However, Dash feels more attention needs to be paid to how Indian companies are not only building tangible assets but are partnering with local communities, universities, and research institutions to advance the American workforce.
One of the best examples of an Indian company becoming part of the community, and generating local jobs, is Mahindra. As part of the “I Make America” campaign, it is involved in promoting several local community initiatives to support American manufacturing jobs and pro-manufacturing policies. Mahindra has created American jobs in Tennessee, Kansas, Pennsylvania, California, Arkansas, and Texas where it is headquartered.
In the past, Iyer has said, “Mahindra is proud of the jobs it supports here and across the United States, and we hope to help elected leaders understand how manufacturing helps form the backbone of the American economy.” Sound like words President Trump could have uttered.
Meanwhile, tech companies like Tata Consultancy Services, Wipro, Infosys, and HCL, have skill-building programs in the U.S., something that is becoming the norm for the nearly 300 Indian companies operating in almost all 50 states in a range of industry sectors including pharma, manufacturing, telecom, financial services, automotives, life sciences, and natural resource extraction, apart from the dominant IT sector.
Rick Rossow, former director of operations with the USIBC, and currently Wadhwani Chair in U.S. India Policy Studies at the Center for Strategic and International Studies in Washington, D.C. sees “a deepening and widening of relations,” in business, between the two democracies.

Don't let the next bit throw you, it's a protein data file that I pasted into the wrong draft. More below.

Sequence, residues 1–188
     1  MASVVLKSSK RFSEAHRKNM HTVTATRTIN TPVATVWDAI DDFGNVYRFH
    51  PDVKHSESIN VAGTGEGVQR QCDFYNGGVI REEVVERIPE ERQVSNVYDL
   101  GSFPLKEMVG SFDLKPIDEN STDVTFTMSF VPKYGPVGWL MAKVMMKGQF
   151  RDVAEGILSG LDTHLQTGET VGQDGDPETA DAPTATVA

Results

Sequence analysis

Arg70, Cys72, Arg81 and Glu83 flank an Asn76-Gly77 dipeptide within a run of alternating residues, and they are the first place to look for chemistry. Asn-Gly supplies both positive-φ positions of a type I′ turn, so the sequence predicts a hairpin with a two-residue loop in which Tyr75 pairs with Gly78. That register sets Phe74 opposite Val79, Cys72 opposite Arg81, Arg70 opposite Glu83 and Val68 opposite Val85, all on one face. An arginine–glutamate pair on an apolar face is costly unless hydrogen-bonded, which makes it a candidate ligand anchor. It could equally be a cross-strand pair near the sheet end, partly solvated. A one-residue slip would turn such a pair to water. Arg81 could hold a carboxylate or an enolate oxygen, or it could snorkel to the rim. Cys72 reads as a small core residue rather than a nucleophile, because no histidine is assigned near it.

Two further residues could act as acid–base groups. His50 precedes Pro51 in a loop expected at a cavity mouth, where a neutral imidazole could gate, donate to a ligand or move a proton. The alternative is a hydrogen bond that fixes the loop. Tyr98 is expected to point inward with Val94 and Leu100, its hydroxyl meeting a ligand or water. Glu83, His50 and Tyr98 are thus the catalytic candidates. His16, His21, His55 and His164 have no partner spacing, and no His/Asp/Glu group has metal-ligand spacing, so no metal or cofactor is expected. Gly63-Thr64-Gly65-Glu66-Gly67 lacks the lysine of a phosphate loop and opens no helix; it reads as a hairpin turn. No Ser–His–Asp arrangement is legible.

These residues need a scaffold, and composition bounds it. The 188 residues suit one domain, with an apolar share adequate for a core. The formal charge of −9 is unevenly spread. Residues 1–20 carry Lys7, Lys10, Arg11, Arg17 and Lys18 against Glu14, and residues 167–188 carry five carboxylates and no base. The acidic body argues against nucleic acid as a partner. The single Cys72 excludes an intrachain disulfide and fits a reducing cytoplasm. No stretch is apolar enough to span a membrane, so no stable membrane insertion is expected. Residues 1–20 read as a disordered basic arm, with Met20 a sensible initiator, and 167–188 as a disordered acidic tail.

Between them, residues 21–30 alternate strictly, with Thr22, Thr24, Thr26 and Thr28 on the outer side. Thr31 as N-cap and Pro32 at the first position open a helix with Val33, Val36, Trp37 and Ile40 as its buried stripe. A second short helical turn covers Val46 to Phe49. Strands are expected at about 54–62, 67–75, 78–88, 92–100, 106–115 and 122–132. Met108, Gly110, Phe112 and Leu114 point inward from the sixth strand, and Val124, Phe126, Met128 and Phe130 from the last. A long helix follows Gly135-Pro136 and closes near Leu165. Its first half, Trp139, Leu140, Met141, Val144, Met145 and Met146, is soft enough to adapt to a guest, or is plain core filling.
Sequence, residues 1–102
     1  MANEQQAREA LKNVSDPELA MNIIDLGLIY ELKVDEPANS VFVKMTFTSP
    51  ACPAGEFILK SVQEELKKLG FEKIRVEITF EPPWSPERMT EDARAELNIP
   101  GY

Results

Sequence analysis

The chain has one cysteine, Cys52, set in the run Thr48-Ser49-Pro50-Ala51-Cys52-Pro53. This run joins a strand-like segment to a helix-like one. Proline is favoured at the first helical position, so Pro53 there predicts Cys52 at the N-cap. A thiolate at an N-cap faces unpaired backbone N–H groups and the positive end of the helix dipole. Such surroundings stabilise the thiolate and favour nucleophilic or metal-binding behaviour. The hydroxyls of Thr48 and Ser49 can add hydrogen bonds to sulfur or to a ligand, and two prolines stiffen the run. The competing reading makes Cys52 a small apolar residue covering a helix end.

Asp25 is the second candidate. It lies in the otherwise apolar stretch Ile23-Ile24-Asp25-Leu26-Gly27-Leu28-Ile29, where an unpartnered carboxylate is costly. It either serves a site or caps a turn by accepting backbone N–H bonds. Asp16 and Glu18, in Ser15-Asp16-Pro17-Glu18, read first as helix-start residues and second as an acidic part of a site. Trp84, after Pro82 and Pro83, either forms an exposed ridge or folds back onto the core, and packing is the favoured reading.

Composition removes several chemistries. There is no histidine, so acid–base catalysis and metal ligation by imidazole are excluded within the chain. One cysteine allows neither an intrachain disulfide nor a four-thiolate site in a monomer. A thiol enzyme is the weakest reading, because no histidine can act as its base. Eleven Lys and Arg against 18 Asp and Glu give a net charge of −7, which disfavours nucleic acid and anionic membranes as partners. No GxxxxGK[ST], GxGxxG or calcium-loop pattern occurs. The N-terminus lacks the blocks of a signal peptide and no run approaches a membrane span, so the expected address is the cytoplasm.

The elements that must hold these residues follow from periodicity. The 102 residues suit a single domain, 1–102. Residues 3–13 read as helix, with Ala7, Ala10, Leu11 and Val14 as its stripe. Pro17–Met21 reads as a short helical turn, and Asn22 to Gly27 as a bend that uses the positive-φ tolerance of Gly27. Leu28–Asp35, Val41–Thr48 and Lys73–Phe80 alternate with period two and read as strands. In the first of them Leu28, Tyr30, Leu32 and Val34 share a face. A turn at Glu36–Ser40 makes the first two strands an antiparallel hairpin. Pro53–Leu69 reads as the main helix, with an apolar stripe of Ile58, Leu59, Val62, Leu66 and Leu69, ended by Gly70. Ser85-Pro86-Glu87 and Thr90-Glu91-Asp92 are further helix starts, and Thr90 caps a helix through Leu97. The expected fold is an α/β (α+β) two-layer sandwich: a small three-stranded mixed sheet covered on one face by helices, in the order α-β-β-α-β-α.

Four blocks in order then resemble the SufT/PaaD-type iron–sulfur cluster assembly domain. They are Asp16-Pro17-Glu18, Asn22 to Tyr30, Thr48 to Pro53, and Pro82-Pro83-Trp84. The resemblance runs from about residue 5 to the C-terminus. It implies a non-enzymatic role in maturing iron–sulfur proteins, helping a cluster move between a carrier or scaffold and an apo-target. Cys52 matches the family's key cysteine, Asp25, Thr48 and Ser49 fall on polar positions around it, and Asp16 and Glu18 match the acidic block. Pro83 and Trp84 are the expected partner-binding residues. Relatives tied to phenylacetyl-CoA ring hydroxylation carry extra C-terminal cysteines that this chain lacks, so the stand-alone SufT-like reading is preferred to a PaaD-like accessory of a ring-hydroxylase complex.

The business environment today is far better than it was 15 years ago when “hundreds” of bills were making their way through state houses to end government outsourcing, Rossow recalls. There are also more “natural reasons” why Indian companies find the U.S. easy to gravitate to today, Rossow says, not least because of the influx of a large diaspora, and the significant number of Indian executives who have studied in the U.S. and have a good sense of how to set up business here.
Somers reels off the names of a string of brick-and-mortar Indian companies apart from Mahindra, that have made America their home and are growing alongside the IT sector, some even helping revive dying industries like coal – Essar buying an American coal company in West Virginia and also in Minnesota; Reliance Corporation becoming one of the biggest investors in natural gas resources along the eastern seaboard; Murugappan buying coking coal assets in Alabama; Welspun Group based in Arkansas, which makes state-of-the-art natural gas pipelines; Tata Group buying 8 O’Clock Coffee; Hinduja buying into auto manufacturing parts; Bharat Forge buying forging company in Michigan; Birla, making the ‘largest’ purchase of potash in neighboring Canada; and of course, Mahindra, Somers notes.
“That’s just the tip of the iceberg,” Somers says. “We have bullish investments in the U.S., bullish investment in India. I’m saying ‘The sky is not falling. The sky is blue.”